Dr. Swann Debates Bill 1 – An Act to Reduce School Fees (Committee of the Whole) – 6 April 2017

Taken from the Alberta Hansard for Wednesday, April 6, 2017.

Bill 2 – An Act to Reduce School Fees (Committee of the Whole)

The Deputy Chair: Are there any comments, questions, or amendments to be offered with respect to this bill? The hon. Member for Calgary-Mountain View.

Dr. Swann: Thank you, Madam Chair. I have an amendment that I’ll circulate, and I will proceed when I hear from you.

The Deputy Chair: I just need the original, Member, and then you can go ahead.

Dr. Swann: My amendment reads as follows. I move that Bill 1, An Act to Reduce School Fees, be amended by striking out section 4.

Let me start by saying that I support the intent of the bill and what the bill does to make life more affordable for parents, guardians, and students in school. In fact, the Alberta Liberals believe the government should go even further by eliminating school fees altogether. However, I recognize that the government has chosen to take a step in that direction by reducing school fees.

I’d like also to point out that the government needs to find a more sustainable way to continue to reduce school fees other than, quote, finding efficiencies. There needs to be a funding plan that will continue to reduce fees over the long term, especially as our population grows and our education system becomes more costly. I expect the government may have an idea about where it wants to find these funds, and I will speak more about that in a moment.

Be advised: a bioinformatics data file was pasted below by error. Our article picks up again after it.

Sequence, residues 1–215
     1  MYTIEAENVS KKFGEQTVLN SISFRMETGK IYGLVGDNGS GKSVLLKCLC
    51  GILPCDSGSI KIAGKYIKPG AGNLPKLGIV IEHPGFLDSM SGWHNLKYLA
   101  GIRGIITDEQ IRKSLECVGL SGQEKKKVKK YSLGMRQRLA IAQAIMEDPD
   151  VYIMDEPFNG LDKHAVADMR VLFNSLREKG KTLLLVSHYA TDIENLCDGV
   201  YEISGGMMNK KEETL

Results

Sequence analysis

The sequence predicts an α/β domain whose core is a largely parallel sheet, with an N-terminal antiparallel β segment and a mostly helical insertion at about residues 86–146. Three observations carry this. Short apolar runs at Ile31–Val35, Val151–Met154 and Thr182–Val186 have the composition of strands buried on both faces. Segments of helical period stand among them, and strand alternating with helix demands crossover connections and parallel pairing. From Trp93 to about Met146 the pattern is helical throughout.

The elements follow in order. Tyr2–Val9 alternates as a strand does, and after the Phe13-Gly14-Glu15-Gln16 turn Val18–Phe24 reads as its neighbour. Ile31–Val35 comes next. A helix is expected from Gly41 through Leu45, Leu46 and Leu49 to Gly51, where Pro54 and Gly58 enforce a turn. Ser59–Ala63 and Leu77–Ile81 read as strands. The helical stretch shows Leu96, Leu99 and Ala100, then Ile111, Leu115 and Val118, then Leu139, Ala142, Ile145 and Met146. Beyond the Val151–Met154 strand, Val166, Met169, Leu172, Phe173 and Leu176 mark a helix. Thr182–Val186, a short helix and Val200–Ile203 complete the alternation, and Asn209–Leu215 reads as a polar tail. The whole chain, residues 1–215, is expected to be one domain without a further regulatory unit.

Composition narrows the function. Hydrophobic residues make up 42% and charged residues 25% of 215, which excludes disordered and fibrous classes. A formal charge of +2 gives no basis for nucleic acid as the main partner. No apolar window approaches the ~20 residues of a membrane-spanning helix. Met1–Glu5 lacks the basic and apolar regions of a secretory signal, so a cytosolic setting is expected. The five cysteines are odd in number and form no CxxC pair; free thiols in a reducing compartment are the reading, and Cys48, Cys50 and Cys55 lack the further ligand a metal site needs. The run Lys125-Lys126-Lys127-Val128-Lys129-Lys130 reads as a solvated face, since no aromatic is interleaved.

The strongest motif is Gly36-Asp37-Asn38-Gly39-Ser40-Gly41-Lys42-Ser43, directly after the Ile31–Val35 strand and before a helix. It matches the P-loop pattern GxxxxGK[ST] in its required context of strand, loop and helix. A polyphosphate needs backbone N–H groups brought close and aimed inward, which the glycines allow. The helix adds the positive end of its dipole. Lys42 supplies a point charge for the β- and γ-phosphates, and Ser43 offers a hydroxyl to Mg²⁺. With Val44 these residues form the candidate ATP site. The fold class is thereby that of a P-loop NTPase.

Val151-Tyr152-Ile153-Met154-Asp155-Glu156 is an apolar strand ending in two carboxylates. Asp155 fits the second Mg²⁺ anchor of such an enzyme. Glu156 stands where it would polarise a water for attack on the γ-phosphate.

When Bill 1 was announced, a government news release indicated: “If the bill is passed, Alberta parents will no longer have to pay school fees for instructional supplies or materials or for eligible students taking the bus to their designated schools.” This was great news and well received by many if not all Albertans. But when people started to take a closer look, it turned out that the term “Alberta parents” did not mean that all parents will no longer have to pay school fees. In particular, those who have students in charter schools can expect to get a different treatment altogether. Why is that?

Well, let’s take a look at what a charter school is. According to the government of Alberta’s Charter Schools Handbook:

A charter school is a public school that provides a basic education in a different or enhanced way to improve student learning.

. . . In general, charter schools complement the educational services provided in the local public system. They represent an opportunity for successful educational practices to be recognized and adopted by other public schools for the benefit of more Albertans. Although types of charter schools vary . . . they do have the following common characteristics.

Access – Charter schools cannot deny access [to any particular individual or group] . . .

Choice – A charter school will provide enhanced or innovative delivery of public education to students. This means that parents and students have increased opportunity to choose an education that best serves [their child’s] needs.